Was it the V-Neck?


Megan Gahan -Rocking the Boat3

At the tender age of six, I was involved in a tense confrontation. My family and I were leaving the sanctuary of our small, Mennonite Brethren church, when an older gentleman remarked on what beautiful hair I had. He used the German phrase—schönes Haar—and stretched out his hand to touch my thick, dark hair. As his fingers grazed my head, I let out a high-pitched scream and yelled very clearly:


He removed his hand, chuckled at my childish indignation and made his way out. He was amused. But I was fully enraged.

I have been told to “lighten up” all my life. So often that I have come to loathe all of its condescending cousins:
“Just relax.”
“It’s not a big deal.”
“Why do you have to take everything so personally?”

It’s very trendy to be free spirited, but I’ve never had the personality or the wardrobe for it. That gentleman from church was simply the first in a long line of family members, teachers and co-workers to make it clear that my feelings are a little over-the-top.

Being told to “chill out” (there’s another one!) over and over couldn’t help but inform my behaviour. I wasn’t able to reconfigure my DNA setting to easy-breezy, but I got better at hiding it. I stopped voicing my opinions. I shrugged off offences because I didn’t want to be called out and demeaned for it. I apologized constantly.

Years of practice dulled that six-year-old who had no issue announcing exactly what she wasn’t okay with. She grew up and became far more concerned with whether she was liked and avoiding criticism at any cost. The 34-year-old version of that girl wouldn’t dream of asserting herself in such a loud, direct way.

About a week ago, I went to a local coffee shop to write. I arrived early Saturday morning, and knew I had been there for some time when the store began to bustle, animated chatter messing with the disjointed thoughts I was attempting to string together.

A group of men took over the small table next to me. There was about five of them, and their number grew by three every five minutes. Eventually, there were fifteen around a table the size of two laptops. They kept adding chairs to accommodate the group, inching themselves towards me.

Some looked to be about ten years older than me, others closer to thirty. As yet another friend arrived, the men obligingly moved their chairs again. One looked over at me as the 14 chairs scraped the tile floor and said:

“If we were any closer, we’d be in your lap!”

It was an odd statement to make to a stranger, but I managed a weak smile and said, “That’s okay, I’ll be leaving soon anyway.” I swivelled my eyes back to the screen.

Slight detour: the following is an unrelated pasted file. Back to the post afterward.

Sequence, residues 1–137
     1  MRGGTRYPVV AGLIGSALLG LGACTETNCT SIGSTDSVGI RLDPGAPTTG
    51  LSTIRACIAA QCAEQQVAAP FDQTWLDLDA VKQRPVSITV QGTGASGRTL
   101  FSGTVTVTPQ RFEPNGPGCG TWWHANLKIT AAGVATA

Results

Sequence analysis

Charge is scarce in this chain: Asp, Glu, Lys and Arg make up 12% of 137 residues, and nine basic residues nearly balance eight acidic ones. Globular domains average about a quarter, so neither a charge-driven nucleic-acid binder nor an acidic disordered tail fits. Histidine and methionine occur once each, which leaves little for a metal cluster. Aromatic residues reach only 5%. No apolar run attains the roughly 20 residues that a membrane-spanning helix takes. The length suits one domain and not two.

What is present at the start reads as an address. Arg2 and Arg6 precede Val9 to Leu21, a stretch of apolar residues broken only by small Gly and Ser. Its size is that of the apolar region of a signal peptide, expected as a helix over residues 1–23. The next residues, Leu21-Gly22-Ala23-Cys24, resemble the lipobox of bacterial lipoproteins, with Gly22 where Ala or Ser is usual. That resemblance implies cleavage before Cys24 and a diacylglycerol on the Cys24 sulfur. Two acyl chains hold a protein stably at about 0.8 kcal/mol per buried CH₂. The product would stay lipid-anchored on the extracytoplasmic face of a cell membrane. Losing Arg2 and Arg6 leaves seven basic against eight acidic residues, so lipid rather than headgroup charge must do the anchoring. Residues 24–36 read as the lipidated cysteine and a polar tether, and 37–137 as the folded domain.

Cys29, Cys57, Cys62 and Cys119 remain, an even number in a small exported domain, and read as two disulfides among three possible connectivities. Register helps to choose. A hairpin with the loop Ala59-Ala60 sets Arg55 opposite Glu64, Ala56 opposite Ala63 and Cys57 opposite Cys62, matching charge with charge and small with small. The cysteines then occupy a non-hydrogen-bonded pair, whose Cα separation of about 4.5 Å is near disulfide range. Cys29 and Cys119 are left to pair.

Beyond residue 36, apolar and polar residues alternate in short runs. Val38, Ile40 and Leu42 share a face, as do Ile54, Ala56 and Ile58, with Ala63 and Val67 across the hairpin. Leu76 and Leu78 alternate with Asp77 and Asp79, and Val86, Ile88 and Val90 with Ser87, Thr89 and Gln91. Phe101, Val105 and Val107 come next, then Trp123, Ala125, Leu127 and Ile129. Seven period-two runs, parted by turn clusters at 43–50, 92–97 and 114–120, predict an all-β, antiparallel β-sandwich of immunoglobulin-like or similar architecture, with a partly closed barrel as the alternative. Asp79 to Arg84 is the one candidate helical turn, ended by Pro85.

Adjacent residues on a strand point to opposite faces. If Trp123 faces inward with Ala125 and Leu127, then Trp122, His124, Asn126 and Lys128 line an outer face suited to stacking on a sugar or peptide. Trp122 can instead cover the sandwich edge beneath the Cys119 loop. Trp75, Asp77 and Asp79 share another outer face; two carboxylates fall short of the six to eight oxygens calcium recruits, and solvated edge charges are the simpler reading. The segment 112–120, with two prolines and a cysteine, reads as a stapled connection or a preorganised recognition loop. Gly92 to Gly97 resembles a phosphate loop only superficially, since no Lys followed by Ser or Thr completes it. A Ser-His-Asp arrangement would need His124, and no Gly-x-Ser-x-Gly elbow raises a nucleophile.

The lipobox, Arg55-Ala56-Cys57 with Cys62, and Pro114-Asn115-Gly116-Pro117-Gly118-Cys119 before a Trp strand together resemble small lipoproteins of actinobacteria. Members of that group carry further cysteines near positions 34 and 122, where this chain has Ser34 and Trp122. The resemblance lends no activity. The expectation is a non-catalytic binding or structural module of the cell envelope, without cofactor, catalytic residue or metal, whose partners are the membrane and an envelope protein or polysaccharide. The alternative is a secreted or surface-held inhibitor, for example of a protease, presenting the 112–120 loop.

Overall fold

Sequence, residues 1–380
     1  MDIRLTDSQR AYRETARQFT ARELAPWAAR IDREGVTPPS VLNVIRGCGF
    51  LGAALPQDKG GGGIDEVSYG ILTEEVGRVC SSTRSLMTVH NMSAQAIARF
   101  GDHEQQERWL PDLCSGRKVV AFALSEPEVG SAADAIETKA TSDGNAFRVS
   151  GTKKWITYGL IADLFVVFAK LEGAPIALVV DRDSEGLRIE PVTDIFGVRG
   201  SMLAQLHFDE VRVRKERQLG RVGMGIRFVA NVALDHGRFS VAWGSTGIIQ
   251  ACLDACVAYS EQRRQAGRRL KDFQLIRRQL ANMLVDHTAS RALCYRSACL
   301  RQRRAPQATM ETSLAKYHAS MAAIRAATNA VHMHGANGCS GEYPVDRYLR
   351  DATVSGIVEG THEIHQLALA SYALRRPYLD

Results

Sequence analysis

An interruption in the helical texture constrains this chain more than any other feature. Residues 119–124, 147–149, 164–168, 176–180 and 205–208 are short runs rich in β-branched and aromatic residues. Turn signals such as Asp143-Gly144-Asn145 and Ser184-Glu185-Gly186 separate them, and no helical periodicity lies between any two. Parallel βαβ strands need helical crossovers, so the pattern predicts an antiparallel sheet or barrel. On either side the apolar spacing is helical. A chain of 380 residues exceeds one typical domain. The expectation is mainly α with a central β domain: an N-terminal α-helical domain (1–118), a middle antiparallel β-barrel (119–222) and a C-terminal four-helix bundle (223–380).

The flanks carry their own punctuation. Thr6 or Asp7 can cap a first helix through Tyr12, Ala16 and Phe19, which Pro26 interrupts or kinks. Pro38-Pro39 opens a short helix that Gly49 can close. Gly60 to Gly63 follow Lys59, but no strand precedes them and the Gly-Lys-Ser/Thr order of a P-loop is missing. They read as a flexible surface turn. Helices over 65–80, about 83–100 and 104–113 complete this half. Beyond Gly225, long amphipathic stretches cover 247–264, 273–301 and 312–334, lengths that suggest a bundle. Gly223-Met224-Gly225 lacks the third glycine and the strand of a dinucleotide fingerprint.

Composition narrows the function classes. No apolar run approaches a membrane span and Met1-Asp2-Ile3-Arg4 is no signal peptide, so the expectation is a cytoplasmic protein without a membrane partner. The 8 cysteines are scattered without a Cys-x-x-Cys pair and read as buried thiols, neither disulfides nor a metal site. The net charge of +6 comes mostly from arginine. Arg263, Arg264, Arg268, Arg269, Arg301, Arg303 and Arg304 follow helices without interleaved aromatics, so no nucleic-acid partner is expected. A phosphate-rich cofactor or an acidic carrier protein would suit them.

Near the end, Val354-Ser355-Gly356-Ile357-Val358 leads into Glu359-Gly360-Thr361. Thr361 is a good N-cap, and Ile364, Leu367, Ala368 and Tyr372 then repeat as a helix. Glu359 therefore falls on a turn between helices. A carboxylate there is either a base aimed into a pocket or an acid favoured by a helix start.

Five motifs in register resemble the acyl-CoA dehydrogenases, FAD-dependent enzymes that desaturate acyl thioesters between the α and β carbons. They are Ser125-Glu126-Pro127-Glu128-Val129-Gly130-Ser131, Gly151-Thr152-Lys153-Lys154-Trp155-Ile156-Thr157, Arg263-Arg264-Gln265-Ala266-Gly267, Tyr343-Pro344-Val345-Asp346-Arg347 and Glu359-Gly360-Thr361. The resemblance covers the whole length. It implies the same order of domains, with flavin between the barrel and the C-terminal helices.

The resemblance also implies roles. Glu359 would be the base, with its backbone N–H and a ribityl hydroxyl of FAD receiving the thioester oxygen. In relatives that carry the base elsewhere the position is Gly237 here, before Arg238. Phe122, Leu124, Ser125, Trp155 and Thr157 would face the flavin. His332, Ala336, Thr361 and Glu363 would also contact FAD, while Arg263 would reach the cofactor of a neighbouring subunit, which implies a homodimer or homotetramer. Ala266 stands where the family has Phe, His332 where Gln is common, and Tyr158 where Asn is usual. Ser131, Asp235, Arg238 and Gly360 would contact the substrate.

The same man then loudly announced: “Did you hear what you just said? You said it was okay if we sat in your lap!”

Guffaws erupted around their table.

I kept my eyes laser-focused on the screen, trying to ignore the tight, burning sensation in my chest, and just type something—anything—onto the page. I became hyper aware of my v-neck t-shirt, and automatically wondered if it was too low. If I had unknowingly encouraged their inappropriate jokes. Their laughter. I stood to go to the washroom and felt eyes follow me. Staring at my dishevelled self in the mirror, I searched my running shoes and messy ponytail for a reason. Did I look like the kind of girl who wanted to be spoken to that way?

I tried to keep working. But my fingers continued to hover an inch above the keyboard, motionless for ten minutes. So I packed up and went home. All the while tugging my t-shirt up, telling myself not to overreact. It’s not a big deal. Lighten up. They were just making a joke. It’s just how they are.

For the first time in a long time, I thought about that six-year-old version of me. The girl who yelled in church, who didn’t think twice about calling someone out for an action she was uncomfortable with. The one who wasn’t concerned about rocking the boat. The one who hadn’t yet been told she needed to stop making fusses over nothing.

And I missed her. I missed that piece of me. Because she wouldn’t have been afraid to stand up for herself. She wouldn’t have let her words be twisted about and laughed at. She certainly wouldn’t have been checking her outfit to see if she had somehow deserved it.

And I can’t say for sure, but I’m guessing she would have had one heck of a comeback line.